The year was 1983, the song was "Separate Ways." 

It was another big hit for Journey, despite a video in which the band is often depicted playing invisible instruments.

How did the discussion with the director go for this one?

Director: So what I'm thinking is we shoot some scenes with you guys playing invisible instruments.

Journey: What?

Director: Yeah, it'll be cool. Because this is a song about a, uh, failed relationship, right? I read the lyrics. So your instruments are like that girl that's gone now.

Journey: So we're just pretending to play guitars, drums and keyboards?

Director: Oh, and you'll be stalking some chick in heels and a leather skirt with massive hair. All takes place on a wharf.

Journey. [...]

Director: Trust me. This will rock. You don't see Foreigner doing this shit.


Jonathan Cain was even asked to play a keyboard mounted on a wall. Who would ever play that way? (Of course, that still isn't as dumb as a Keytar.)

Another classic moment is when Steve Perry is walking backwards between stacks of pallets, looking behind himself to make sure he doesn't run into or fall over something. (Look anguished, Steve! The pallets are the obstacles in love!)

They had to have filmed this thing on a Sunday when no workers were around on the wharf. Not only would there have been major laughter, but you would've had pantomiming musicians getting in the way of actual blue-collar work being done. ("Hey Elvis, you gonna be done soon? We gotta forklift those pallets.")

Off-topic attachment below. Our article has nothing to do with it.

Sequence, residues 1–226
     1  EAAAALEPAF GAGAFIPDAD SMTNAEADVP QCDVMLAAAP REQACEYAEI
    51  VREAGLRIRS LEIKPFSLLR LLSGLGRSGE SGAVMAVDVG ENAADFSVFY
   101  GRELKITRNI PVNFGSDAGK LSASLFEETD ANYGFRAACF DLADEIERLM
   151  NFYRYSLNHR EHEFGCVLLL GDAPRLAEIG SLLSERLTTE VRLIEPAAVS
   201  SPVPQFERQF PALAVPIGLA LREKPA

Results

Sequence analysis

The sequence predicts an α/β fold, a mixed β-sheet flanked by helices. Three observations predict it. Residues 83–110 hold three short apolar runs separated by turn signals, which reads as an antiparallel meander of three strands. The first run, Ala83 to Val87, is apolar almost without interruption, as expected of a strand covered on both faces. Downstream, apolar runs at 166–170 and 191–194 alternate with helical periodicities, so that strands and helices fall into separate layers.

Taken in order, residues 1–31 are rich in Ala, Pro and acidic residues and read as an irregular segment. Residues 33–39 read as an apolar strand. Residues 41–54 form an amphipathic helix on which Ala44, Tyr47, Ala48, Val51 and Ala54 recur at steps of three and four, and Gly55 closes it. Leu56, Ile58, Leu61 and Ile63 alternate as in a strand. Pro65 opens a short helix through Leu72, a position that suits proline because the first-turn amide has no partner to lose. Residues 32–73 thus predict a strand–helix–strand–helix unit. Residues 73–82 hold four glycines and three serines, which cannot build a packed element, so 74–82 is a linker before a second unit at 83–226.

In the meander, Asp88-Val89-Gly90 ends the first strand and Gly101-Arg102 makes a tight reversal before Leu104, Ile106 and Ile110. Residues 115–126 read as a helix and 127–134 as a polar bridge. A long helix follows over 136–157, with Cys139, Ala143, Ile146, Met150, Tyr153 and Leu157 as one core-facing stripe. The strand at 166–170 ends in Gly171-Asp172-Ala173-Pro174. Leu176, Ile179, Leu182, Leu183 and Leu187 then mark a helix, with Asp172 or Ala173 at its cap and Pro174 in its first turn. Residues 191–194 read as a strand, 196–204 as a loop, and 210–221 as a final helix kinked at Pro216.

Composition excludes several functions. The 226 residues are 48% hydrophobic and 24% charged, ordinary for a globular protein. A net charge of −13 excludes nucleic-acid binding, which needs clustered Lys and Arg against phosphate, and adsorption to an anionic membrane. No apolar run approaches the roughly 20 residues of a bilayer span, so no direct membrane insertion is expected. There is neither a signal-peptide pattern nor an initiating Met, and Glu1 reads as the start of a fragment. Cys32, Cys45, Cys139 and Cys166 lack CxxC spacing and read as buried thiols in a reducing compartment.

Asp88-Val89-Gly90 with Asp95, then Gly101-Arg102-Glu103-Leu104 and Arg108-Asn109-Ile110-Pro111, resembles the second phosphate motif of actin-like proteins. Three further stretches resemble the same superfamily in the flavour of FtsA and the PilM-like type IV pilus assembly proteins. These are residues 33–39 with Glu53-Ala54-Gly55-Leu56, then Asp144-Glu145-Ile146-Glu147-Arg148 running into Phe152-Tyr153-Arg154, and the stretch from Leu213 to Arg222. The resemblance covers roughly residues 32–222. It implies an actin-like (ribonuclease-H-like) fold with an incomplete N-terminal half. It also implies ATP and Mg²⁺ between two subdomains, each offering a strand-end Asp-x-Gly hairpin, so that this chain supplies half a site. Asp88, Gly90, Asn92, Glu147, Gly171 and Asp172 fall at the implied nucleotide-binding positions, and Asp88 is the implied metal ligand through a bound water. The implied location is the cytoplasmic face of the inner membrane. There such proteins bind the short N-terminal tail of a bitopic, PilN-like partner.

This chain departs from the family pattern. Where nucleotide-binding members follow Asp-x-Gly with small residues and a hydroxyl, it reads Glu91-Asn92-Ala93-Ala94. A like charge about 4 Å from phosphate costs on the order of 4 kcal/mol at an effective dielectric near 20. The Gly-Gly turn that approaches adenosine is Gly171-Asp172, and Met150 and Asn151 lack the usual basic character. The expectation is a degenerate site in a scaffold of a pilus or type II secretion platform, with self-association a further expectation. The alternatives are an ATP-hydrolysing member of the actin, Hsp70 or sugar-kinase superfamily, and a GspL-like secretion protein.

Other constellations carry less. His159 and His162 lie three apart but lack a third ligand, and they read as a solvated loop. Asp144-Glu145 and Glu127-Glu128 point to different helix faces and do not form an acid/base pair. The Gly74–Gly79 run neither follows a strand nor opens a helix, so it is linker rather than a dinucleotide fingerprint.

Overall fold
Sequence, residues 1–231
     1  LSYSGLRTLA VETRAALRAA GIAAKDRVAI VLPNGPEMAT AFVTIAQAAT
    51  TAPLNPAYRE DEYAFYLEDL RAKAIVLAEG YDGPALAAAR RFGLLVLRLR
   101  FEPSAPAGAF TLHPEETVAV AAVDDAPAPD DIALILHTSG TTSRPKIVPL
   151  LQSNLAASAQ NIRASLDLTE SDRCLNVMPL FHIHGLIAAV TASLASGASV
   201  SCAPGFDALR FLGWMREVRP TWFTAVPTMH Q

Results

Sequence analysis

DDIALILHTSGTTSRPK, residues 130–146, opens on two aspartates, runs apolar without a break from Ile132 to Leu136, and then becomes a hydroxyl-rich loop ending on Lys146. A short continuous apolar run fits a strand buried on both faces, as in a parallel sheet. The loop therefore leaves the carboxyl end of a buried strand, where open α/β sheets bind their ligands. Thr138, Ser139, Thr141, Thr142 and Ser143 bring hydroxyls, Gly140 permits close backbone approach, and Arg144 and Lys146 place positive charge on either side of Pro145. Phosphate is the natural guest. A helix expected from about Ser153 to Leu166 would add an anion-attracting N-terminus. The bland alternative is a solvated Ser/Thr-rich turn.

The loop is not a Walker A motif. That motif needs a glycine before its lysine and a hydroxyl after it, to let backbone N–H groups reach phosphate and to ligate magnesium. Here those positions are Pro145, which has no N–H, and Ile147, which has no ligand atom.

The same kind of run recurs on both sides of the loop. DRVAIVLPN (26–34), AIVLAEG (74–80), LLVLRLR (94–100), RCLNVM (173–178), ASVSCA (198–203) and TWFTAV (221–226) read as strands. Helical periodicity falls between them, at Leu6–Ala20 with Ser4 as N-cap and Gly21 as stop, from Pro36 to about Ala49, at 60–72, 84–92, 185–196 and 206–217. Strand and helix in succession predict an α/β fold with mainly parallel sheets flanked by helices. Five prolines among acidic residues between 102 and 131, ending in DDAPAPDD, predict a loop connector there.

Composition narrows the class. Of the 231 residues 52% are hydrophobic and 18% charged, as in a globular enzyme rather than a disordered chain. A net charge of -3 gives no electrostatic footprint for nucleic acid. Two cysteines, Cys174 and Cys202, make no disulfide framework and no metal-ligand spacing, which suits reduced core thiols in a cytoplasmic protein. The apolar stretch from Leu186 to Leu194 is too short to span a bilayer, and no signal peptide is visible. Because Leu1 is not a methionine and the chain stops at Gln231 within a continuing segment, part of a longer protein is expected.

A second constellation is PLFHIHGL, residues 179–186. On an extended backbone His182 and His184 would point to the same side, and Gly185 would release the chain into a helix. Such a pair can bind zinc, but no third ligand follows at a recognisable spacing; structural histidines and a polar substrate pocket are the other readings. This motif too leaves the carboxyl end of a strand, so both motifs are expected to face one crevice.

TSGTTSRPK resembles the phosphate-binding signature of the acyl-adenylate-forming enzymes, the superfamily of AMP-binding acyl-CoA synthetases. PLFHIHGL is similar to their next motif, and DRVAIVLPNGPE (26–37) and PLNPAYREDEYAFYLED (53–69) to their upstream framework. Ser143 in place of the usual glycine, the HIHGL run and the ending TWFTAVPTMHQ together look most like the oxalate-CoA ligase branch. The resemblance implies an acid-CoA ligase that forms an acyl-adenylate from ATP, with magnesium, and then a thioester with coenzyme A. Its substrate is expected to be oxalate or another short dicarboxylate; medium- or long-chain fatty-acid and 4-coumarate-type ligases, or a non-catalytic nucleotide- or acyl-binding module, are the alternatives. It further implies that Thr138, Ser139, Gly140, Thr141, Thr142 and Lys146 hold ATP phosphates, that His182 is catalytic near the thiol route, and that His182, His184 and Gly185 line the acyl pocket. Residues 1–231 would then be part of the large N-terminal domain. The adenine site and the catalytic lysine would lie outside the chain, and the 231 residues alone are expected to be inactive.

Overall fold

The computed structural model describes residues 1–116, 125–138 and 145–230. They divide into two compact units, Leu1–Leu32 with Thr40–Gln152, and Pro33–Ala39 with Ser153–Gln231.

Okay, enough snark and screen caps. Here's the video:



That's right: 'Don't Stop Believin'' is 30 years old

If you missed CBS' "Sunday Morning" last weekend (and I'm betting you did, since I'm the only one in my age group I know who watches it hey, I'm up early writing The Juice for Big League Stew), the last show had a feature on the 30th anniversary of Journey's "Don't Stop Believin'."

As if I didn't already feel old being up so early on a Sunday morning. I knew I was in grade school when that song came out. It was one of the first videos I remember watching on MTV. But there it is. 30 years.


UPDATE: The video isn't embedding, so here's a link to the feature.

The elephant in the room that report glosses over, of course, is that original lead singer Steve Perry isn't with Journey anymore. But that was probably too convoluted to address. Besides, the guys who wrote the song — including guitarist Neal Schon, whose opening riff and later solo almost always stop me in my tracks — are still in the band. And the new singer, Arnel Pineda, is such a great story. He should be a sequel to "Rock Star."

Nowadays, "Don't Stop Believin'" is one of those songs you hear everywhere. It's played at all kinds of sporting events, including Red Wings games and even Michigan football games now. (I'm curious to see if Brady Hoke puts the kibosh on piped-in music at Michigan Stadium this season.) We love that "South Detroit" line. 


It was in the final scene of "The Sopranos." It played over the post-credits scene (oh, and this one too) of "The Losers" (if you didn't see that movie). "Glee" made it big with the kids again. (I hadn't heard this version until creating that link for this post. Ugh.)

The song has become cool again. Which drives me kind of crazy, because I took a lot of shit for liking Journey through junior high school, high school, college and a good chunk of my twenties. Where the hell were you people when I was blasting "Escape" on my stereo and in my car? We could've been great friends, I'm sure. Some of us always thought "Don't Stop Believin'" was cool. (Or maybe it was me, not the Journey.)

But hey, that's great. It's obviously become a timeless song, a classic anthem that everyone enjoys now.

I believe this is the original video that played on MTV. As a little kid, I wanted to play on Steve Smith's drum set so badly.